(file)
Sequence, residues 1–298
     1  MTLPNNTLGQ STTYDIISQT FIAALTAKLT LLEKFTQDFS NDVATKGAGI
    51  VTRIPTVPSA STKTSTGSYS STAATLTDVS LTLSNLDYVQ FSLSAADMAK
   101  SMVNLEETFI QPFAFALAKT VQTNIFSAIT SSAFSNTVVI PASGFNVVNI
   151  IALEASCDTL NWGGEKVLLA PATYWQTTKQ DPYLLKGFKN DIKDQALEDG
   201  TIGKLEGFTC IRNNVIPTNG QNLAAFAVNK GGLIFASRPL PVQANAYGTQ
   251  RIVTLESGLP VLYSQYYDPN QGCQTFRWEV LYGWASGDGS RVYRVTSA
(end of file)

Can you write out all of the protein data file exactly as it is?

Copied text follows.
Sequence, residues 1–298
     1  MTLPNNTLGQ STTYDIISQT FIAALTAKLT LLEKFTQDFS NDVATKGAGI
    51  VTRIPTVPSA STKTSTGSYS STAATLTDVS LTLSNLDYVQ FSLSAADMAK
   101  SMVNLEETFI QPFAFALAKT VQTNIFSAIT SSAFSNTVVI PASGFNVVNI
   151  IALEASCDTL NWGGEKVLLA PATYWQTTKQ DPYLLKGFKN DIKDQALEDG
   201  TIGKLEGFTC IRNNVIPTNG QNLAAFAVNK GGLIFASRPL PVQANAYGTQ
   251  RIVTLESGLP VLYSQYYDPN QGCQTFRWEV LYGWASGDGS RVYRVTSA